The Last of Us - cover

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Despite the years since its release, ‘The Last of Us’ remains a masterpiece

Consider a replay before diving into the sequel.

Jun 24, 2020, 12:27 pm

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Nahila Bonfiglio 

Nahila Bonfiglio

An elegant marriage between a AAA game and a blockbuster film, it’s no surprise The Last of Us blew us all away when it came out in 2013.

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The highly anticipated sequel to that phenomenal game, The Last of Us Part II, is officially here. With its release on their minds, many fans have been returning to the original for a refresher. Even after seven years, the first title holds up remarkably well—and is absolutely worth a replay before you dive into its sequel.

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Why you should replay The Last of Us

I’m not going to dive into incredible detail, because honestly if you’re reading this you probably already know how great this game is. The Last of Us is a gorgeously realized story that combines horror, heart-break, morality, and love in a thoroughly enjoyable package.

The Last of Us - giraffes
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Even without the remastered edition, the stunning visuals in The Last of Us remain enthralling and beautiful a full seven years after its release. The characters are heartfelt, deep, and flawed. None of them feel one-dimensional or fabricated, and their decisions and actions throughout are starkly, movingly human. Even on a replay, the story is poignant and unforgettable. The world is realistic, lovingly crafted, and still utterly gorgeous.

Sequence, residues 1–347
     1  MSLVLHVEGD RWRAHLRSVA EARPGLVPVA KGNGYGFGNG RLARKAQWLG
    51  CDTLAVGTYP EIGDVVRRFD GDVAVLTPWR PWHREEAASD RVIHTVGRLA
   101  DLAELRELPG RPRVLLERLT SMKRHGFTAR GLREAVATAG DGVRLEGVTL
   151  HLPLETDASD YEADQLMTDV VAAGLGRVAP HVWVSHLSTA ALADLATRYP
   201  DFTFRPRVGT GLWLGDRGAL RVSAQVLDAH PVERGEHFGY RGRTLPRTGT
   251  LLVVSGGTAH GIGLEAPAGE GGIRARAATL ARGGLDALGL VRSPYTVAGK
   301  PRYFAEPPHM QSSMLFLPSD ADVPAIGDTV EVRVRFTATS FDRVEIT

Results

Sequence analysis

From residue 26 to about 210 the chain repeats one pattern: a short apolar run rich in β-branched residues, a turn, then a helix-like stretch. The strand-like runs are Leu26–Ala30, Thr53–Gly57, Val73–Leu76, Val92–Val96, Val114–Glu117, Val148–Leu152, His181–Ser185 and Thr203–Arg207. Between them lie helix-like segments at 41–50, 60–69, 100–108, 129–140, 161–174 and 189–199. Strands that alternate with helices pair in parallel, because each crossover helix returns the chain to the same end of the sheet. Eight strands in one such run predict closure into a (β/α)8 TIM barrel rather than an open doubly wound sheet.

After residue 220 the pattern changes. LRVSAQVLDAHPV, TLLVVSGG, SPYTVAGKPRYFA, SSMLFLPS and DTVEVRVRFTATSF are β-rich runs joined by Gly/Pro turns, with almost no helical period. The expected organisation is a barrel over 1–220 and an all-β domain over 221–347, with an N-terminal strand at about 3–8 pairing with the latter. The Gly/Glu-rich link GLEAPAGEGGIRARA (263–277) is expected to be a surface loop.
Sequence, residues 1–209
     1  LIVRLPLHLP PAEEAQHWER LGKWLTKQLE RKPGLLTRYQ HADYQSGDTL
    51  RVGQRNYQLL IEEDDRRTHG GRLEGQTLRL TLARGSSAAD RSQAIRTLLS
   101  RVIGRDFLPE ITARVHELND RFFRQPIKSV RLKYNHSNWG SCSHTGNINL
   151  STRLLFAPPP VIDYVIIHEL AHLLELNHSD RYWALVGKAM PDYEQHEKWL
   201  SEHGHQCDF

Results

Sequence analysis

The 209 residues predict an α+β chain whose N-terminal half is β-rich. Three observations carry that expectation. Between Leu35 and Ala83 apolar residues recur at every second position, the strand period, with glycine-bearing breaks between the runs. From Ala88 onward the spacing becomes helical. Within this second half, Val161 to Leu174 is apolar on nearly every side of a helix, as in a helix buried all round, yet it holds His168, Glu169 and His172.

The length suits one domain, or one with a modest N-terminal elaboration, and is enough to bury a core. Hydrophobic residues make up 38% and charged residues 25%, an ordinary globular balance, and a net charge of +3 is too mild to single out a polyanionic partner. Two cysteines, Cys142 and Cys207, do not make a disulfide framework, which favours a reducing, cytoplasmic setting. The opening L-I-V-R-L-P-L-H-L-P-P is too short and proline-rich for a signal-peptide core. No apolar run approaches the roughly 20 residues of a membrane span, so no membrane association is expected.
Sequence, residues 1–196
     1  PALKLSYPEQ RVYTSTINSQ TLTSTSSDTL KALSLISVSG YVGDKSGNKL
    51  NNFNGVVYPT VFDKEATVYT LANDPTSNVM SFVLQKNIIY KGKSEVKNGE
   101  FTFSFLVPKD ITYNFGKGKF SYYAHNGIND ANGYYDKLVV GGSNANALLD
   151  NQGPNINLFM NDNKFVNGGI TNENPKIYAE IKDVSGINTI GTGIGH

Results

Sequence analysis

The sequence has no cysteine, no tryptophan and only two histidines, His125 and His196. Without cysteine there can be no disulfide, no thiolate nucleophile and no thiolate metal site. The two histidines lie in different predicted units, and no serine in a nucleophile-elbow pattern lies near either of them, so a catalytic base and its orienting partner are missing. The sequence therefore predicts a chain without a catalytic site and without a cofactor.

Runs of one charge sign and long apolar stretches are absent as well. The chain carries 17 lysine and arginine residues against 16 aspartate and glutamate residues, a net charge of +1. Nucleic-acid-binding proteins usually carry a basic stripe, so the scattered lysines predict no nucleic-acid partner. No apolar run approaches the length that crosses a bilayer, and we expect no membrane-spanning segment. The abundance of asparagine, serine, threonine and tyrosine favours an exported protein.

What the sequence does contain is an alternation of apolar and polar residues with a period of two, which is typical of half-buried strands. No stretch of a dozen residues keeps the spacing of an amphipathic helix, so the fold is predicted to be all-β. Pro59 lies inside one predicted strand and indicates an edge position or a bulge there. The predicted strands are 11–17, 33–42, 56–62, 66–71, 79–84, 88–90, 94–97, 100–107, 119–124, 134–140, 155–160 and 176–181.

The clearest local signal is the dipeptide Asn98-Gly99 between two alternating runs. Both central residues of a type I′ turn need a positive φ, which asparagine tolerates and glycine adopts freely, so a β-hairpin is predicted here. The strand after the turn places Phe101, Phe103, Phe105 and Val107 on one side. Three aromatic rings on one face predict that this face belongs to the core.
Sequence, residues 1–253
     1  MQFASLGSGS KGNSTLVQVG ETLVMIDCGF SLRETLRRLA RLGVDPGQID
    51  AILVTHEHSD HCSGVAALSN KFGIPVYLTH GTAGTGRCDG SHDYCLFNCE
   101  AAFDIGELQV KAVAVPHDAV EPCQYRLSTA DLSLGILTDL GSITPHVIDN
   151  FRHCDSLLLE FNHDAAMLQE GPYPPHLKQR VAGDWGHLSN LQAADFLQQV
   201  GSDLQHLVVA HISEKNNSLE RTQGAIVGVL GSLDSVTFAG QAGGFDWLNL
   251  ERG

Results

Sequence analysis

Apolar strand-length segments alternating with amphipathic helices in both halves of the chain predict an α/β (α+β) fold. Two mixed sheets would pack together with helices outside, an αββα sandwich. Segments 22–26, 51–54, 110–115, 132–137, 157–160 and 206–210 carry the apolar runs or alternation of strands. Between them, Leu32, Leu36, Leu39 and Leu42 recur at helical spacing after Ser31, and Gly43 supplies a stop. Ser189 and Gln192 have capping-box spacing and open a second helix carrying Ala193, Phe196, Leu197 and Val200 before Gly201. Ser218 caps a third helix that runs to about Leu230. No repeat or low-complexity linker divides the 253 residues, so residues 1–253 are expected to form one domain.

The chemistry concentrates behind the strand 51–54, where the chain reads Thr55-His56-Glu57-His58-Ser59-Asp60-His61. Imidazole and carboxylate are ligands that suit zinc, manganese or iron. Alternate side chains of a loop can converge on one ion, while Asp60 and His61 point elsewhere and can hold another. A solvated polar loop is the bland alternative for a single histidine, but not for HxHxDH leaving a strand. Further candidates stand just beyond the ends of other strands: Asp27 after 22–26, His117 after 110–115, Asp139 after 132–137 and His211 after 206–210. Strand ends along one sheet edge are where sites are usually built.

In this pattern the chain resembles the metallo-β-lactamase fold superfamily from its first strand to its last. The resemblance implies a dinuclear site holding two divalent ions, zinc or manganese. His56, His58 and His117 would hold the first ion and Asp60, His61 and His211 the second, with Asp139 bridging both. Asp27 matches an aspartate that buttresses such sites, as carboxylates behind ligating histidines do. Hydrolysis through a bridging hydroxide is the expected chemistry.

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The Last of Us - Ellie and Joel
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There are, of course, a few flaws. Games have adapted well over the last decade, and The Last of Us shows its age, more than anything, via minor internal decisions. The crafting is a bit clunky at times, Joel is incapable of dodging and the map doesn’t allow for much exploration. The companion AI also tends to get a bit wiggy, which can take you out of the game. Most frustratingly, you will occasionally get so stuck on a combat sequence you’ll want to quit the game permanently.

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Every game has some flaws, of course, but there are just too many wonderful things about this game for any of its issues to really matter. If you’re not a fan of story-driven games, the horror genre, or stealth-based combat than sure, you probably won’t enjoy The Last of Us.

The rest of us struggle to find a bad word to say about it.

Plot points to remember

If you don’t have access to a copy of The Last of Us—or you can’t time find for a replay—there are a few key plot points you’ll need to refresh on before firing up the new game.

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Who survived

A very important detail, headed into the second game, is who all survived the events of the The Last of Us. Anyone who’s glimpsed a trailer knows that Part II follows Ellie as the primary character, but what about everyone else? I can’t confirm—without massive spoilers—all of the characters that will make an appearance, but we can review the characters that made it through the first game.